So as a guy who sells like over 1,000, 1,200 kilos of rough Sapphire and Ruby every month, I can tell you Padparadscha is very close to my heart, and something I really try to collect when I get it. You know, the majority of the Padparadschas I see right now, I get it very sporadically out of Sri Lanka. So basically they'll be pan mining in the river, and they'll pull out a stone and there it'll be: a Padparadscha. I tell you, it's almost impossible to buy it from the miners. If you have a Padparadscha in Sri Lanka, it's very difficult to get. But every once in a while you'll be able to get a deal, and that's what I focus on. Because I buy so much.
So a lot of times they might have collected, like, 50 kilos of rough material over a period of 3 to 6 months or whatever, out of pan mining with their whole family. And they have one big stone. And I get a good deal because I buy it all. Because I sell rough as my core business, but I'll take that Padparadscha as my prize! And that's how I get the Padparadschas coming into the collection.
Kat only focuses on the best. So if you've ever seen a Kat Florence Padparadscha, some notable stones she's actually worked with. She's done about four or five of my 10.00 carat up Padparadschas. They're extremely rare, and there's no chance they're coming back. I mean, you see those once every five, six years I'll run across a stone that I can cut into a 10.00 carat. You'll see some notable 2.00, 3.00 carat sizes, 4.00 carat sizes coming out of the Didy deposit. But I think I only had like 20 stones in total. And that's the end of that era.
You get some Sri Lankans randomly come in a 5.00 carat, a 3.00 carat, a 2.00 carat. Very, very limited. I mean, I've bought a lot of antique Padparadschas in the past, stones that I actually buy from miners who have held on to these crystals and had them for multiple generations as well. Because this is a historical gem that dates back and has been collected for over 100 years. So this is something that even the Maharajas of ancient India wanted. Even the kings and the people who traded those routes at that period all wanted Padparadscha. It's just a color that is remarkable. Whether you're getting the orangey-pink or the pinkish-orange, they're all unique. They're all special.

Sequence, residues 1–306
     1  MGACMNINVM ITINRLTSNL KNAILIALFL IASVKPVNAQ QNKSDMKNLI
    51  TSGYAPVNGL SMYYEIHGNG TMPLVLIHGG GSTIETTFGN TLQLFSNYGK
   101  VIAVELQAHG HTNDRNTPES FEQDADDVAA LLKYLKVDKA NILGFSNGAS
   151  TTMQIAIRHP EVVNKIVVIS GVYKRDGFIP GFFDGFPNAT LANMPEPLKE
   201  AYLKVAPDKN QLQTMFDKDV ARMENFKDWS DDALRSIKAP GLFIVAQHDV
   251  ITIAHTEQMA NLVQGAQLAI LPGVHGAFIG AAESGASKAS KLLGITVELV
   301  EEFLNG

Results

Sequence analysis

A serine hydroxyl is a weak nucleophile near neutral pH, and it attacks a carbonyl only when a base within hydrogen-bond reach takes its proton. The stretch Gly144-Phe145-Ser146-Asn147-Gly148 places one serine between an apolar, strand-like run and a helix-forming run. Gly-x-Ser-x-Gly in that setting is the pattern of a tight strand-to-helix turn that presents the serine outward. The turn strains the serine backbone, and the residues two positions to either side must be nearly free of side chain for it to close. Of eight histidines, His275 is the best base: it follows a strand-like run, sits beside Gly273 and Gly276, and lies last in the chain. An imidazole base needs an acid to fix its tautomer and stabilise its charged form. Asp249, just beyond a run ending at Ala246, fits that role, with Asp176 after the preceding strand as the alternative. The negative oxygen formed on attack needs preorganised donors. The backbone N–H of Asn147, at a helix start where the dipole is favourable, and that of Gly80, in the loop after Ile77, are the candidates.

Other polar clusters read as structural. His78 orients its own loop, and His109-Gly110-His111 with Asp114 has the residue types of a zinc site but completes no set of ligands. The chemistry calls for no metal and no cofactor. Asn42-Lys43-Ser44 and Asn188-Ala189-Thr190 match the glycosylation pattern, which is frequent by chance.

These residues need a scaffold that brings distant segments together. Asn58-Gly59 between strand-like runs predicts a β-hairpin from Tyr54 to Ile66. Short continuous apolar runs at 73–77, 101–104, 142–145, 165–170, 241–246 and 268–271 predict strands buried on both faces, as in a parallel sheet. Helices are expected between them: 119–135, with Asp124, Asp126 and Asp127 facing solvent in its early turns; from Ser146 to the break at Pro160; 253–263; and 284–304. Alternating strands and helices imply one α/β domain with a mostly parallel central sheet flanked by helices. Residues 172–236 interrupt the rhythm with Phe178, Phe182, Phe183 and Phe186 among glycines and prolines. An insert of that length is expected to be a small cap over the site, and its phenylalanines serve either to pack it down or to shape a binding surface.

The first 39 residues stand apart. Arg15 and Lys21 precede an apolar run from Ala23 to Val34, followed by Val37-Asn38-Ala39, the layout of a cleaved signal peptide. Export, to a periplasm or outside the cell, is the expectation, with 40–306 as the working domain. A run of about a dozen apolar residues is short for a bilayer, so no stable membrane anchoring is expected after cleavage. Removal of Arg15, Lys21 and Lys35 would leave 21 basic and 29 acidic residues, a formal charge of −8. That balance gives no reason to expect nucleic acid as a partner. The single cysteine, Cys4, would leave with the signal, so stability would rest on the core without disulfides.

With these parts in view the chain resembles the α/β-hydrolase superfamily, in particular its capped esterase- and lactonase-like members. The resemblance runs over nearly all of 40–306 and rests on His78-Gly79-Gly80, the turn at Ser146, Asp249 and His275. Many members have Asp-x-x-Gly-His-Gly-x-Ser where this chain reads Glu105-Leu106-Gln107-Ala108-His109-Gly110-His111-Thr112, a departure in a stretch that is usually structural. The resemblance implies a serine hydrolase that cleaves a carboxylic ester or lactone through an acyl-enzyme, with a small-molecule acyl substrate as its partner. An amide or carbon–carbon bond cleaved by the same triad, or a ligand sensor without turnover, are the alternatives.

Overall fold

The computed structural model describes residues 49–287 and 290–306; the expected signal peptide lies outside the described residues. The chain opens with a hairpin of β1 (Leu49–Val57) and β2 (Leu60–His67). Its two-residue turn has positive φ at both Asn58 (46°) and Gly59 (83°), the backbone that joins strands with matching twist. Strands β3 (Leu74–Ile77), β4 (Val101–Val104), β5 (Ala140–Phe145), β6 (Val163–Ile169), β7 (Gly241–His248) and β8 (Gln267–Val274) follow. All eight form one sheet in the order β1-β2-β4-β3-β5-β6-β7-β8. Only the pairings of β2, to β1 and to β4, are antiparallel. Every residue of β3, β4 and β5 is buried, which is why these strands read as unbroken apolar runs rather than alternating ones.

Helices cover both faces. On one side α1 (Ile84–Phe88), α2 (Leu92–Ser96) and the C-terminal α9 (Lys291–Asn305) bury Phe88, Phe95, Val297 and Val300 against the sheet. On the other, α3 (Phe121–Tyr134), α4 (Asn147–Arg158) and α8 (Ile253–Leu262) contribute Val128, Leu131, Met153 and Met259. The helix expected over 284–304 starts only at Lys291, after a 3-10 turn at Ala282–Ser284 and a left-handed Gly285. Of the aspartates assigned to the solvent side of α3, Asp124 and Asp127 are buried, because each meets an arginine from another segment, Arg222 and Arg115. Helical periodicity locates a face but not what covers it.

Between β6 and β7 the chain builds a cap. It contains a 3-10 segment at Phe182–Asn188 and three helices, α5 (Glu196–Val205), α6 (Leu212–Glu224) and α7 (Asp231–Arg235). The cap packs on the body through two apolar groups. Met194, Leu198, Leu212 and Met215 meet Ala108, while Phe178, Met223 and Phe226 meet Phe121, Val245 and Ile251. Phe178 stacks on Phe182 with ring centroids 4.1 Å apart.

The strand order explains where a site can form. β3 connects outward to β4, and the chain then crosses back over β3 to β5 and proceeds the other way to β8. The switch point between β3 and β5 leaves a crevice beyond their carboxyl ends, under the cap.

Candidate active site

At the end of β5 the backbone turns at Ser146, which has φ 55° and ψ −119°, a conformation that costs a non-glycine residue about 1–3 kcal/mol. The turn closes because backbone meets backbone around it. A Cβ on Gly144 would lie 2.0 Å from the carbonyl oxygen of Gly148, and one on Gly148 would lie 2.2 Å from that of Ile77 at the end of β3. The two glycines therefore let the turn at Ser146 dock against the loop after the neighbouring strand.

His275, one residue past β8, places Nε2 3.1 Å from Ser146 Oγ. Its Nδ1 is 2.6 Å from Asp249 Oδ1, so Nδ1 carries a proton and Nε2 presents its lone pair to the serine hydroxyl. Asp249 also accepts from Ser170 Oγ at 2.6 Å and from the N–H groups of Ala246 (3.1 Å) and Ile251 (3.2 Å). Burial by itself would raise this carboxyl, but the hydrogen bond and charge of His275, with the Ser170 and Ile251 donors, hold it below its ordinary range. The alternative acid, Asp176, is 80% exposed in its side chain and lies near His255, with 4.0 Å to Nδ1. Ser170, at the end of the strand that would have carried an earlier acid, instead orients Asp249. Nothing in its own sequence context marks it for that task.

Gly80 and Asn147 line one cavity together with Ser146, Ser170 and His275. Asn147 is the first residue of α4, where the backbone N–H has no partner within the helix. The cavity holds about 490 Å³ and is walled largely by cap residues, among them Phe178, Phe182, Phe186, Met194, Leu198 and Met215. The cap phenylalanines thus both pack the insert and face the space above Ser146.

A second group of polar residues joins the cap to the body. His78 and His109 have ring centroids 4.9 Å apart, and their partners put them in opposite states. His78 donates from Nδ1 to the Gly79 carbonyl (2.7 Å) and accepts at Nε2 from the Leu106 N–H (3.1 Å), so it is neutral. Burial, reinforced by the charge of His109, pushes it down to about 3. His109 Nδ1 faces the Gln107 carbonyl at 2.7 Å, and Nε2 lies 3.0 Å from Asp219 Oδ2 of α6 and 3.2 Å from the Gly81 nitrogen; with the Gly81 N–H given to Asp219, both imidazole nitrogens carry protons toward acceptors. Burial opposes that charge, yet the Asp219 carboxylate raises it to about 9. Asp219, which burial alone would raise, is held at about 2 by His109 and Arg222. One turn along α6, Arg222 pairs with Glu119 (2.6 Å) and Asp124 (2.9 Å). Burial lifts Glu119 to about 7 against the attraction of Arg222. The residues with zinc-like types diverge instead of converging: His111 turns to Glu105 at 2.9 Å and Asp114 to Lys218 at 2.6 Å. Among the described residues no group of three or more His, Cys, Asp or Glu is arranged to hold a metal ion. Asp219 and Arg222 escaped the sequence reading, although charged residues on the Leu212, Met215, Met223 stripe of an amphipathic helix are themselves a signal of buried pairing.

If you've got good crystal, and you've got an unheated stone, pat yourself on the back. It's only getting more and more difficult, with Ilakaka going out to play, with the Didy Sapphire deposit not producing anything right now, and Sri Lanka still pan mining after all these years. Most likely, Padparadscha: we will see very, very few in the future to come.
So thank you for listening to my episode about Padparadscha. You know what to do. Remind yourself to be reminded when I make a new podcast episode. Whatever you guys call this thing, right? Always trying education. If, you know, I think they have a button there that says “click on me if you want to be updated.” Usually, I put out my podcast every week on Monday. Occasionally, I do it with other people along my journeys. Thank you for listening. Glad to educate you about the legendary Padparadscha Sapphire.
And remember, if you have a Padparadscha, hold on. The value is only going up and up and up, because the supply is going down and down and down. Welcome to my world. Everything is finite. Hunting the world's rarest gems is not an easy task. Love you all. See you in the next episode.